Donor kidneys revitalized for transplant at Toronto General Hospital
Special machine keeps donor kidney preserved and healthy, which could make more transplants possible
The idea is can we make better organs? Can we actually end up transplanting an organ that is better than the way that we found it?’
– Dr. Shaf Keshavjee
That’s only a start.
The researchers are working on using gene and stem cell therapies to help donor organs further repair themselves using the outside-the-body technique and to make them less subject to rejection by molecularly tweaking them for individual recipients.
In the future, almost all organs could end up on support systems to keep them healthy until transplant and prepare them in a personalized way for each patient, Keshavjee predicted.
“We’re developing a machine that will allow us to do 10 lungs at a time instead of one, and I think it will be the same for kidney and liver, and we’re working on that,” he said.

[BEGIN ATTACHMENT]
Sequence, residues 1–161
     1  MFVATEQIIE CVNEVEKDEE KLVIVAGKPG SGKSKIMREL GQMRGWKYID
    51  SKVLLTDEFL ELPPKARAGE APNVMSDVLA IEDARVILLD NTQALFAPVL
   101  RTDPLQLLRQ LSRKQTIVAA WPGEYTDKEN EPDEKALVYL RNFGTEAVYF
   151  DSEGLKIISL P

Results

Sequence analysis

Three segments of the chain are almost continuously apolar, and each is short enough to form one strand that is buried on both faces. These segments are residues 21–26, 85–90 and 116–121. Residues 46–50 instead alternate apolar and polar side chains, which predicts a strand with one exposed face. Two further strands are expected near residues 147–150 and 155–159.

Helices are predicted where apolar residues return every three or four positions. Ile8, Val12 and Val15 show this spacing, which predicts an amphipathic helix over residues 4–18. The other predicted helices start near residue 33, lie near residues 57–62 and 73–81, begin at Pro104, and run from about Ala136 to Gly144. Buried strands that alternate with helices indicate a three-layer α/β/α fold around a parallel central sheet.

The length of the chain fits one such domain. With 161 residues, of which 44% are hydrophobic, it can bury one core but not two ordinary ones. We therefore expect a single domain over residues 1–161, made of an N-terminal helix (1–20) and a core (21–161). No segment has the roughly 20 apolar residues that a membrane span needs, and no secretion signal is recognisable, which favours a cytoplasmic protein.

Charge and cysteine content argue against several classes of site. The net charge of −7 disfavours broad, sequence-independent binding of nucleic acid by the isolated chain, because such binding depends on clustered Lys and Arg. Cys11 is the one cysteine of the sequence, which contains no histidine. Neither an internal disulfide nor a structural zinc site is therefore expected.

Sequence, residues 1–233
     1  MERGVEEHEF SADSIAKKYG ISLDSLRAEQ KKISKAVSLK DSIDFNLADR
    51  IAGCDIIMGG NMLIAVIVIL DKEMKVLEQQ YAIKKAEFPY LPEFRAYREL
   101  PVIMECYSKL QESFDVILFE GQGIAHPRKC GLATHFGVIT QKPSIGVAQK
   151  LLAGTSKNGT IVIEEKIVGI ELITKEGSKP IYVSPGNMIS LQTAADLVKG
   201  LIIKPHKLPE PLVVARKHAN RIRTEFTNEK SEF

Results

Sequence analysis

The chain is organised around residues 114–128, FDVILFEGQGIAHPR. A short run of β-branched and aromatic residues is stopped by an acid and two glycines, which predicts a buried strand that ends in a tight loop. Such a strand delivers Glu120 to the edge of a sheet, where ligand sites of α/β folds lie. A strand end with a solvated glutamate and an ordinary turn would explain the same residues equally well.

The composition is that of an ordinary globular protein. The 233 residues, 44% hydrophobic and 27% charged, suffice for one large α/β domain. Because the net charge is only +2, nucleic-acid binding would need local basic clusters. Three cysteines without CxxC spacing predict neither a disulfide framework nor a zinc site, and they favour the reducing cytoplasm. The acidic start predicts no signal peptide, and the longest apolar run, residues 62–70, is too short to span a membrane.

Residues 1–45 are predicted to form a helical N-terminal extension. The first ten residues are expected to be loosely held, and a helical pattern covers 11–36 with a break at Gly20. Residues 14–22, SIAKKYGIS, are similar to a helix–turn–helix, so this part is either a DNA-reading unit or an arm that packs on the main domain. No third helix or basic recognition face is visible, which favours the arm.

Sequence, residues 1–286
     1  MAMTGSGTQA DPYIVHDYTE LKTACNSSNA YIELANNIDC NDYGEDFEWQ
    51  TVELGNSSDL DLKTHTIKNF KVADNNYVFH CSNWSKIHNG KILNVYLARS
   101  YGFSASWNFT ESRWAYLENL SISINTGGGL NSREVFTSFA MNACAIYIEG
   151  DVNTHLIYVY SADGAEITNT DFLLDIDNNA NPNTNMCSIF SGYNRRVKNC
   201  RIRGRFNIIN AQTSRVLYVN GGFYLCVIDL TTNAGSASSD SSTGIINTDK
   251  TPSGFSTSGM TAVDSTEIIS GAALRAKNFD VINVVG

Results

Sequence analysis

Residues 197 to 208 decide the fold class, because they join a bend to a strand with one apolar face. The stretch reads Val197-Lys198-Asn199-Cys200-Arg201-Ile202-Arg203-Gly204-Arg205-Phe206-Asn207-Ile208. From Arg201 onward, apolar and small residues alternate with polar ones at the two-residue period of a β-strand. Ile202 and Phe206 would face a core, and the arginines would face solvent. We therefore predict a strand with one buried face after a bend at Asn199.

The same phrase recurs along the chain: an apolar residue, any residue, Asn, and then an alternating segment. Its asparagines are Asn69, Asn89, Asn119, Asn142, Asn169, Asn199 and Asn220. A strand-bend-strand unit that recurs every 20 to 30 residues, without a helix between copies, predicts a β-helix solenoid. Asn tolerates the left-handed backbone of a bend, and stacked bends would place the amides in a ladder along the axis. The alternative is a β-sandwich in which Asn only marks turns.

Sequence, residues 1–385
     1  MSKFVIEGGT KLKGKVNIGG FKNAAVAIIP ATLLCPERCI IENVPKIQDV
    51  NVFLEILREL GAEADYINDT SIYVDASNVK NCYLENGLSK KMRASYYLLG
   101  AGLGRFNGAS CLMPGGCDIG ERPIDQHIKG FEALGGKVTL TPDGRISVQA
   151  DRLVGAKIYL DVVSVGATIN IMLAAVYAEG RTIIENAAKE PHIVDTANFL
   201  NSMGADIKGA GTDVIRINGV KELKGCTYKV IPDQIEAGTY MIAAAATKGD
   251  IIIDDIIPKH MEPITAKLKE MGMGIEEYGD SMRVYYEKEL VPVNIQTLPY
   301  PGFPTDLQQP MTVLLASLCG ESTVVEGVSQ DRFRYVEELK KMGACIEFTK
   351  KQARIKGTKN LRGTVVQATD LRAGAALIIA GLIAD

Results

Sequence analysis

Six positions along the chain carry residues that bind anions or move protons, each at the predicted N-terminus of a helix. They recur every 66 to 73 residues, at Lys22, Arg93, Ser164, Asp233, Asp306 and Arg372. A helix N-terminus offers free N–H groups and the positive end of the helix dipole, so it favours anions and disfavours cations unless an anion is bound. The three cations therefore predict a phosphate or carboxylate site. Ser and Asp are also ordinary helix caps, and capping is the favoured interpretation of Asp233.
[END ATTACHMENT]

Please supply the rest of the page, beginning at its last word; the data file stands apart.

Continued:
He also envisions donor lungs, hearts, kidneys and livers being processed in organ repair centres, which would then transport them to “the right patient at the right time.”
“I don’t think we’ll be sending every organ in a Lear jet like we do today. I think we’ll send organs by drones.”
In the distant future, there may even come a time when people won’t need organ transplants.
In 2008, Drs. Shaf Keshavjee and Marcelo Cypel of Toronto General Hospital were the first in the world to pioneer the ex-vivo technique to help repair damaged donor lungs.
As a result, there’s been a major increase in lung transplants at the hospital since 2012, and similar systems are now used worldwide. TGH alone has performed 308 lung transplants with ex-vivo-enhanced organs.